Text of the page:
Imagine owning a car or a house and only using it for four hours a fortnight, leaving it to sit idle for the other 332 hours.
That is the ludicrous situation with some football grounds where the thinking of club owners has been caught in a time warp.
This currently sums up the story of Aberdeen FC where Chairman Stewart Milne has said they may have to play their European matches in Edinburgh or Glasgow in future, if they don’t get planning permission to build their new stadium in the city.
In fact, Dons vice chairman George Yule warned that there were fears for the very existence of the club, and that the city might not have a team to support at all if the move didn’t go ahead.
Football grounds in some cities, Dundee included, are antiquated, outdated, hulking, and obsolete brutes, which operate for around four hours per fortnight on match day, and then sit practically empty and ghost-like for the rest of the time, generating no income and chucking money down the drain.
No other business would contemplate such an enormous waste of resources from their biggest asset.
It’s a crazy model and represents Alice in Wonderland economics. It’s the reason that redeveloped grounds like Celtic Park, Easter Road, and Tynecastle incorporate function suites sufficiently large to attract business events and corporate needs.
Running a football club on the money generated by fans’ season book purchases and turnstile cash has long since ceased to be a viable method of operating a top club.
Aberdeen’s new ground would allow them to earn substantial extra income needed to compete with their rivals in Scotland and in Europe, and equip them with the training facilities demanded by players at the highest level. It would also feature a money making club superstore and museum.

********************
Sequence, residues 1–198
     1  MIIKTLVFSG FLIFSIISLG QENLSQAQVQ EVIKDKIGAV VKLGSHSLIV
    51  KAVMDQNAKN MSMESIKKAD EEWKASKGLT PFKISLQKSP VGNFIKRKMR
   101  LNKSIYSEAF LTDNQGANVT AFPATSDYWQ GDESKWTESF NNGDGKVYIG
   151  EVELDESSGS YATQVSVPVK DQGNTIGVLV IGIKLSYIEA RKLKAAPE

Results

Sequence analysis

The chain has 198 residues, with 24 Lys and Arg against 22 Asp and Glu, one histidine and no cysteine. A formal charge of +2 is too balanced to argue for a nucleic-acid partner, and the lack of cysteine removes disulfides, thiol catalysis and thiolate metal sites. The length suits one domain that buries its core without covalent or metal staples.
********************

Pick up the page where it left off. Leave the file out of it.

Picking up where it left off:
Those features would make the Dons extra money, and just as importantly, not cost them money by having to pay others for the use of training facilities.
Dundee FC are also ready to start the formal process of getting planning permission for their new stadium at Camperdown Park.
That will allow them to incorporate new methods of generating alternative income from the new stadium. Currently they pay substantial rent for Dens Park which is long past its sell by date, and is hugely restrictive in terms of generating much needed extra cash.
My column a while ago, asking the question should the Dundee teams contemplate merger, provoked furious debate. My preference was and is for the two clubs to retain their own identities, but in a city of Dundee’s size there is a very strong economic argument for both clubs to share a new state-of-the-art ground.
Dundee though are set to go it alone, and the new facilities may enable them to compete better with their rivals, six of whom are larger in terms of support.
Tradition in football is important, but when it appears to threaten the very viability of a club as Aberdeen claim staying at a dilapidated Pittodrie will do to them, then it’s time to embrace change, and ensure a bright future.